Codes & Standards

 

Essential to the work of the electrical contractor is knowledge of the National Electrical Code, the National Electrical Installation Standards and additional standards and codes administered by the National Fire Protection Association, the Occupational Safety and Health Administration and others. Here is a list of all our articles on codes and standards listed chronologically by issue date. 

Jim Dollard has an extensive background in codes and standards. If you have a query about the National Electrical Code (NEC), Jim will help you solve it. Questions can be sent to codefaqs@gmail.com. Answers are based on the 2014 NEC.
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I recently was asked to review a series of emails from a colleague about equipment requirements for ready access or, as defined in Article 100 and used within text in the National Electrical Code (NEC), as “readily accessible.” This phrase is used to describe the location of circuit breakers, for ex

What does the National Electrical Code (NEC) require when installing isolated/insulated grounding-type receptacles and auxiliary grounding electrodes?

Most of Article 240 in the National Electrical Code (NEC) provides general requirements for overcurrent protection and overcurrent protective devices not more than 1,000 volts (V), nominal. As a general rule, the overcurrent device rating shall not exceed the ampacity of a conductor.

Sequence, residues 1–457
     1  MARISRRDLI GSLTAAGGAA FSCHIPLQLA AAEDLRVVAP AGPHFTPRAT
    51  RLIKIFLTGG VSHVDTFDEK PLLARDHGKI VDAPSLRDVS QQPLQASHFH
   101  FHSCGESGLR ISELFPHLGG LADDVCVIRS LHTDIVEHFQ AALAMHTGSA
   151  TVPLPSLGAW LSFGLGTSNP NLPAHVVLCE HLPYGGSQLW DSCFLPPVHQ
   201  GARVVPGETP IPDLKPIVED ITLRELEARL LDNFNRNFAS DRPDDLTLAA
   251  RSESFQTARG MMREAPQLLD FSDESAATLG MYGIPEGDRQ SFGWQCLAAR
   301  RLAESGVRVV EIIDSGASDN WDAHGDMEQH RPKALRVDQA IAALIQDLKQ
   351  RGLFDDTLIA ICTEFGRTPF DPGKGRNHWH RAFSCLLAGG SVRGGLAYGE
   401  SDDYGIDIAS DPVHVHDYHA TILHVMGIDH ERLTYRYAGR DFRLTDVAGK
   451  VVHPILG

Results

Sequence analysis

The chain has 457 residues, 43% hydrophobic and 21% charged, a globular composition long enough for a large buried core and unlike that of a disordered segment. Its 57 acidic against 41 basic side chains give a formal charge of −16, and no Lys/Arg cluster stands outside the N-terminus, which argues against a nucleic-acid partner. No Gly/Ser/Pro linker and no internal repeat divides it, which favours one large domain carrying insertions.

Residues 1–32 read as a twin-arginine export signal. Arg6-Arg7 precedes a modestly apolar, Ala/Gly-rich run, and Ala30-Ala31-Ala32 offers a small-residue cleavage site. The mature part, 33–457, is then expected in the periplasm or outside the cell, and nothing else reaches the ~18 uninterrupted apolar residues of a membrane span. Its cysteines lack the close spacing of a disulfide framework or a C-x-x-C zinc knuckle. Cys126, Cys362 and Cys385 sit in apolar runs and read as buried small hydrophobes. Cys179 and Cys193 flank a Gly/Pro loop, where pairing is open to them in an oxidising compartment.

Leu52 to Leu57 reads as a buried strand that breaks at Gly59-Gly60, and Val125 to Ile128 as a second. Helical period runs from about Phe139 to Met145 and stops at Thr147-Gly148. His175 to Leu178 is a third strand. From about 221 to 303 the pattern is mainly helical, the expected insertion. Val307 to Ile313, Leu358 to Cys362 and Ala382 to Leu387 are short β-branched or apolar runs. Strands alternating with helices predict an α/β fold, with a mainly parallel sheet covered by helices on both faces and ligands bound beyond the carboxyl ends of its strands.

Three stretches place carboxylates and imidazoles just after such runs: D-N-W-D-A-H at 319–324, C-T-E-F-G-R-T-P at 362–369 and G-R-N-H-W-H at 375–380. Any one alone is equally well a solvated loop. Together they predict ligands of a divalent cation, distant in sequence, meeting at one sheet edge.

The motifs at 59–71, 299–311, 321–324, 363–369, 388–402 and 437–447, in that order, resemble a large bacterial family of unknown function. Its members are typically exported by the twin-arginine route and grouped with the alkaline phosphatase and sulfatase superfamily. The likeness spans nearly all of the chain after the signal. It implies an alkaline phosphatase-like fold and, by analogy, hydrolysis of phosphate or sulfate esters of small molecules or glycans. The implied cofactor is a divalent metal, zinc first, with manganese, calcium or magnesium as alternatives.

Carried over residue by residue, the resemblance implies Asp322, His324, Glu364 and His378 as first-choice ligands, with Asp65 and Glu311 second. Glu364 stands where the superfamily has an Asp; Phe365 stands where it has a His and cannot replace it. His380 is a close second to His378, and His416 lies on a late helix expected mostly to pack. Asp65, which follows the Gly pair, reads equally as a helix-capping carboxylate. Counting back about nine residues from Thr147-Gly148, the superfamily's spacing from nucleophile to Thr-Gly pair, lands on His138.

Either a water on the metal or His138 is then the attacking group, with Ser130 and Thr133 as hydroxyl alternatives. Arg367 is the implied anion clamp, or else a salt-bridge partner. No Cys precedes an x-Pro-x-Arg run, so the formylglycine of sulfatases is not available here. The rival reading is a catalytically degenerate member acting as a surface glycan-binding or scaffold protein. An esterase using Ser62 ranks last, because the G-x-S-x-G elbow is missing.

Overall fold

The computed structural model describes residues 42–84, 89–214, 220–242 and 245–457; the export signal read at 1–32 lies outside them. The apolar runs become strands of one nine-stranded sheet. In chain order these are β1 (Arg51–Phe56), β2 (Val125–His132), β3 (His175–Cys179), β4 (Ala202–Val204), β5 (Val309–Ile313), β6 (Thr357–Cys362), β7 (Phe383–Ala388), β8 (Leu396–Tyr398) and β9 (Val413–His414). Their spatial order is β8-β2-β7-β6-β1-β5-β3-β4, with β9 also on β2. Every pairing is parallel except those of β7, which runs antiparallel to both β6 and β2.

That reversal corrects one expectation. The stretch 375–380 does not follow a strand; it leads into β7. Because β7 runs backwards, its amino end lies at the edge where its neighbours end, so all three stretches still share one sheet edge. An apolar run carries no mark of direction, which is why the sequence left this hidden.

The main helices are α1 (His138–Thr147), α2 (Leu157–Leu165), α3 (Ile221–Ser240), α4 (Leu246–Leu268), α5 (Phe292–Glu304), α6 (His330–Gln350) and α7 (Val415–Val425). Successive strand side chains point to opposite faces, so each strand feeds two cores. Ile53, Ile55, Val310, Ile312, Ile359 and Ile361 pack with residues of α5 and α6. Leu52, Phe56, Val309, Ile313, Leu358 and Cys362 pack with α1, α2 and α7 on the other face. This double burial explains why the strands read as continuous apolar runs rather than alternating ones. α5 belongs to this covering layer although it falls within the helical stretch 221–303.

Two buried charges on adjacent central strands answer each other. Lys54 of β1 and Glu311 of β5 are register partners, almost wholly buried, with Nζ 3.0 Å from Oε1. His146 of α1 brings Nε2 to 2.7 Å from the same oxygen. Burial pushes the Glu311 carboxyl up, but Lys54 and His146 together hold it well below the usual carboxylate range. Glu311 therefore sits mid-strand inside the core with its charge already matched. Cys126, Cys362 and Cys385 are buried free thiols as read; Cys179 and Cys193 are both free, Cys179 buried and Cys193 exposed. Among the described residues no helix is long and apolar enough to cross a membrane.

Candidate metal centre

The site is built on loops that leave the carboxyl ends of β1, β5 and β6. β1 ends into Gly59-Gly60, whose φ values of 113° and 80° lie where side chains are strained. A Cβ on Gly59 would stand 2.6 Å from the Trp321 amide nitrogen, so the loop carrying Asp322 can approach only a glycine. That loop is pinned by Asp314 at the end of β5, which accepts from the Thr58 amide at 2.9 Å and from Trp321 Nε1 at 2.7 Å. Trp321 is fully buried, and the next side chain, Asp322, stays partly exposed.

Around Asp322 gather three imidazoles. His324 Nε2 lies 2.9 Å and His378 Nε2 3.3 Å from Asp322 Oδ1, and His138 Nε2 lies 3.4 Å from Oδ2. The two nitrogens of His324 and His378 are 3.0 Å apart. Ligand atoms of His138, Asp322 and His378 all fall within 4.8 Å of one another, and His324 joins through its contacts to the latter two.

More on Codes & Standards

 
Box-Fill Calculations, Part VI

ARTICLE 314 C OUTLET, DEVICE, PULL AND JUNCTION BOXES; CONDUIT BODIES; FITTINGS; AND MANHOLES

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Grounding Electrode Conductors in a Building

Grounding electrodes are required to be installed and connected to electrical services and to some feeders or branch circuits in separate buildings remotely located from the service.

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Working in the Garage

The required placement of receptacles in the wall above a kitchen countertop is uncertain where an appliance garage is present. The Code requirements are the following: “210.52 Dwelling Unit Receptacle Outlets. (C) Countertops (1) Wall Counter Spaces.

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Box-Fill Calculations, Part V

ARTICLE 314 C OUTLET, DEVICE, PULL AND JUNCTION BOXES; CONDUIT BODIES; FITTINGS; AND MANHOLES

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Box-Fill Calculations, Part IV

ARTICLE 314 C Outlet, Device, Pull and Junction Bozes, Conduit Bodies; Fittings; and Manholes 314.16(B) Box-Fill Calculations The National Electrical Code contains requirements for the numbers and sizes of conductors that can be installed in boxes and conduit bodies.

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Grounding a Meter Socket

Consider a typical 120/240V single-phase service with a separate cast meter socket and a rigid steel conduit nipple connecting the meter socket to the service equipment enclosure.

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Grounding Connections

The basis of grounding and bonding starts at the connection of a bonding jumper or an equipment-grounding conductor to a box, an enclosure or other electrical equipment and ends at the point of connection to the service-grounded conductor in a grounded system or at the service-equipment enclosure fo

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